As President Trump embarks on a nine-day trip to meet with U.S. allies in the Middle East, counterterrorism officials and experts say ISIS and al Qaeda are trying to use his rhetoric and military moves to turn Muslims against the U.S.
"There's a lot of jihadist propaganda that conveys the U.S. as increasingly incompetent and Islamophobic under Trump," said Alex Kassirer, senior analyst at Flashpoint Intelligence, which monitors jihadi web posts for NBC News.
A U.S. counterterrorism official confirmed that on the social media accounts most closely associated with the core of ISIS, there has been discussion of Trump's rhetoric. The official said the same narrative, particularly about Trump's so-called Muslim "ban," is found in ISIS recruiting forums.
While ISIS has the largest social media presence among Islamic terrorist groups, Kassirer said that al Qaeda and its affiliates have been active in their messaging about U.S. policies under Trump.
"There's been a jihadist-wide uptick in this narrative, including not just ISIS, but al al Qaeda as well, and actually al Qaeda and its affiliates have been more vocal," said Kassirer.
Just nine days into the Trump presidency, on Jan. 29, Navy Seals raided a Yemeni village on January 29. Fourteen jihadis were killed as well as several women and children. The raid also resulted in the death of an American SEAL.
The raid was condemned by Al Qaeda in the Arabian Peninsula (AQAP) on Jan. 31.
"This criminal raid came only a few days after the new American President Trump took the reins of power," said a social media post, "thus confirming to the world that America is still the bearer of the banner of criminality against the oppressed in the world and that America persists on targeting Muslim peoples and unjustifiably attacking women and children in the ugliest of images."
One of the dead was Nawar "Nora" al-Awlaki, the 8-year-old daughter of Anwar al-Awlaki, the American Muslim cleric who had been killed in 2011.
That same week, the President signed the executive order limiting immigration from six Islamic nations. Kassirer said that the so-called Muslim "ban" led to a surge in internet traffic criticizing U.S. treatment of Muslims.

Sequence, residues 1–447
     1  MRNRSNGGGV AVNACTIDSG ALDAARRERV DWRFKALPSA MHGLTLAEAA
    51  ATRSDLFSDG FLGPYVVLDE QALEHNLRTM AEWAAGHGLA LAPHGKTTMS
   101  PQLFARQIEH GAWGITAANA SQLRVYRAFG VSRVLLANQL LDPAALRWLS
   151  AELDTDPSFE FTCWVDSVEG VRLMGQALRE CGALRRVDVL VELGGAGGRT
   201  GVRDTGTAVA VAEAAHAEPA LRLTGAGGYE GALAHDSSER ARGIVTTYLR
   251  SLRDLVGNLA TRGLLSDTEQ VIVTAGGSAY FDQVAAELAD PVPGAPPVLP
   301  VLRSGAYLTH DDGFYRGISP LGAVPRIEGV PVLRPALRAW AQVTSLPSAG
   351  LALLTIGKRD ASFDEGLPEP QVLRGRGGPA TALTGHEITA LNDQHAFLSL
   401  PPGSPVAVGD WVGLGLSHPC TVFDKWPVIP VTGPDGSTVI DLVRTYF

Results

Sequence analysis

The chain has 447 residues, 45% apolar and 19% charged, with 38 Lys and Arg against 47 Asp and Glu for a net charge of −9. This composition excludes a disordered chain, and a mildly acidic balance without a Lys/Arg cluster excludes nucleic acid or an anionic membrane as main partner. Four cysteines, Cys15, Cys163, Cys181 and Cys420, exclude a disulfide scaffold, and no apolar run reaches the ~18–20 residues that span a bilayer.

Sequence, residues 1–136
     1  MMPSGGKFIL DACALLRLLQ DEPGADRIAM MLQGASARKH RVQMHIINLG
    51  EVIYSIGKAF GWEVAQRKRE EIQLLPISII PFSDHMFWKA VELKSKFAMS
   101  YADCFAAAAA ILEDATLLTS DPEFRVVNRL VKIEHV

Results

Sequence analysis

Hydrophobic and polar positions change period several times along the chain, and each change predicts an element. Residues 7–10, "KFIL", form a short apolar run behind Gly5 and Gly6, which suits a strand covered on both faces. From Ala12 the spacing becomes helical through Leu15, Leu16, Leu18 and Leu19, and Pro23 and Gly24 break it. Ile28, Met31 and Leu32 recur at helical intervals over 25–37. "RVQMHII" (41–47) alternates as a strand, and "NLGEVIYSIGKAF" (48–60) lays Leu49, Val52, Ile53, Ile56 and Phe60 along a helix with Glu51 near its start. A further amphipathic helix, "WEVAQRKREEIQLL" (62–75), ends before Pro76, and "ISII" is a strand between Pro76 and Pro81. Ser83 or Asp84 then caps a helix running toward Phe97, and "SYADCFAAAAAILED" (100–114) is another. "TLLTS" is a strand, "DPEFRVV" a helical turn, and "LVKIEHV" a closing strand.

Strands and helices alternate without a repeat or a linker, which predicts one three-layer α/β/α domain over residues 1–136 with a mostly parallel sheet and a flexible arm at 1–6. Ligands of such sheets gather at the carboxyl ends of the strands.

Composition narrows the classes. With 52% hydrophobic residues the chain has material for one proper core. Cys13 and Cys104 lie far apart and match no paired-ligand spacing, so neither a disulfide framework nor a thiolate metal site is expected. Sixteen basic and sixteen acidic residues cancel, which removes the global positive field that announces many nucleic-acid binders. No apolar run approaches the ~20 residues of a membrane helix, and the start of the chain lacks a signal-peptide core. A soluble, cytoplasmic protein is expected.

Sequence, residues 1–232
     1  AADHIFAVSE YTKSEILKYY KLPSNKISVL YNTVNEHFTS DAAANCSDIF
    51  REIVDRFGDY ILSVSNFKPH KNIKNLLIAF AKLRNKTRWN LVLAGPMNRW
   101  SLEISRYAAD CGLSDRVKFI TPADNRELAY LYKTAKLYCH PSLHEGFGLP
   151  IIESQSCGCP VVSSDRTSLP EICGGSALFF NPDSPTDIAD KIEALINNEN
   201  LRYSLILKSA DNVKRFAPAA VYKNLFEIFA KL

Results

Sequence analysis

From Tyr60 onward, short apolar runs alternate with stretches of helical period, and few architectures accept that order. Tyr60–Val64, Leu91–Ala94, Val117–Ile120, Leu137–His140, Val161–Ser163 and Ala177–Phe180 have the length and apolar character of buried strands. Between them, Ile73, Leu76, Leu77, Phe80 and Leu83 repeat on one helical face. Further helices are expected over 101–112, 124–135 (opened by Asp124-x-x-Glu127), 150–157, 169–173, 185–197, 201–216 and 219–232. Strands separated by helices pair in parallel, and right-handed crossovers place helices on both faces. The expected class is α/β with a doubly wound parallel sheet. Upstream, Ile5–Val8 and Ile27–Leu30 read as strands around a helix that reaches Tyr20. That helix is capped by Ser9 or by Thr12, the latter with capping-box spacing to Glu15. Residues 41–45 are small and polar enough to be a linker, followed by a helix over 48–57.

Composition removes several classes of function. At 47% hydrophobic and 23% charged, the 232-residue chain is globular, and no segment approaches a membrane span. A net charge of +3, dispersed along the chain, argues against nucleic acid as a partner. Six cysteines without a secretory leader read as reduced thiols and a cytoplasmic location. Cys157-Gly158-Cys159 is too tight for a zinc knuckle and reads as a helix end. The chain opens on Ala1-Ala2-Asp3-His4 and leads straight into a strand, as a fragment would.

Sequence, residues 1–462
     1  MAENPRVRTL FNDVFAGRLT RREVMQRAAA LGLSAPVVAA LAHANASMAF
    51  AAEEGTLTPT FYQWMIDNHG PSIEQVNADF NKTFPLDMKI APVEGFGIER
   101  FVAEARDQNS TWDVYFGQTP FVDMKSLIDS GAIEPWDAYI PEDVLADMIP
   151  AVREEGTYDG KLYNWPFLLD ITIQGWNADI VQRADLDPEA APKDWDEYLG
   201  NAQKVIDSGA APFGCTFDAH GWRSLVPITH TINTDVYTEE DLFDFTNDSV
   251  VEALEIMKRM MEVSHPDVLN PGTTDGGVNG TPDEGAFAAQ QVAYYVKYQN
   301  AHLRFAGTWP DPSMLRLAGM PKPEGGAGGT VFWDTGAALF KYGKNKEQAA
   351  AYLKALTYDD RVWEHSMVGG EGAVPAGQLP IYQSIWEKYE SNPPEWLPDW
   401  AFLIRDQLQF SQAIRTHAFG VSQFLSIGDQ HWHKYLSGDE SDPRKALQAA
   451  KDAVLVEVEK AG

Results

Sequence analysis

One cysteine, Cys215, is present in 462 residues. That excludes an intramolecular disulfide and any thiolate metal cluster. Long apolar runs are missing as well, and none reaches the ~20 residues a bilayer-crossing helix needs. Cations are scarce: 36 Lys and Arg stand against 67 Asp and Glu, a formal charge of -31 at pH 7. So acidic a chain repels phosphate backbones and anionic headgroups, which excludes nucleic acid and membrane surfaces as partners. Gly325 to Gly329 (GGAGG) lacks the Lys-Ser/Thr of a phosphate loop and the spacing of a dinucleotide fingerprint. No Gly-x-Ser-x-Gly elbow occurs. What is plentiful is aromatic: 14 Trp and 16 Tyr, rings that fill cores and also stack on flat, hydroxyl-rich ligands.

"After that, we witnessed a wave of jihadists explaining how that executive order was evidence of anti-Islamic sentiments in the U.S.," said Kassirer. "For example, many were pointing to the late Anwar al-Awlaki's quote that reads: "The West will eventually turn against its Muslim citizens."
Typical, she said, was a posting on Telegram, an instant messaging service, that read, "what Trump has done has clearly revealed the truth, and harsh reality behind the American government's hatred towards Muslims #MuslimBan."
"There has been an abundance of chatter," she said, noting that it can be found not just on social media sites like Telegram and Twitter, but deep web forums reserved for communications between hardline jihadis.
Trump has been a unifying figure in the jihadi world, and sometimes both ISIS and al Qaeda will send out the same message about him.
Kassirer cited an April 4 statement by Abu Hasan al-Muhajir, a well-known commentator on ISIS's al-Furqan Media, that mocked Trump's intelligence: "You are now ruled by a stupid fool who does not know what Sham (Syria) and Iraq are, or what Islam is, who continues to express his hatred and war."
That same day, a pro-al Qaeda media unit called al-Firdaws released a statement discussing the "change" in U.S. military strategy under Trump, specifically the targeting of Muslims in Yemen, saying that airstrikes had increased "exponentially" under the new administration.
Two days later, al-Firdaws said "the bastard Trump administration" had "changed its tactics in fighting Mujahideen in Yemen."
On May 7, a jihadist Telegram channel that is more pro-al Qaeda than ISIS commented on a U.S. casualty during a Somalia raid: "This is already the second failed U.S. raid gone wrong under the Trump administration. First they were humiliated in Yemen and now in Somalia."
How effective is it all? Hard to tell, says experts like Kassirer, who notes that slamming Trump is just a new twist on an old narrative.
"The concept that the U.S. (and the West generally) has some sort of disdain for Islam is something that's long been spewed by terrorist organizations and their followers, especially as a major part of their recruitment strategy is to present this binary vision in which the entire world is against Muslims as a way of rallying potential supporters against a common enemy."
Trump's rhetoric, she said, has just enhanced that narrative.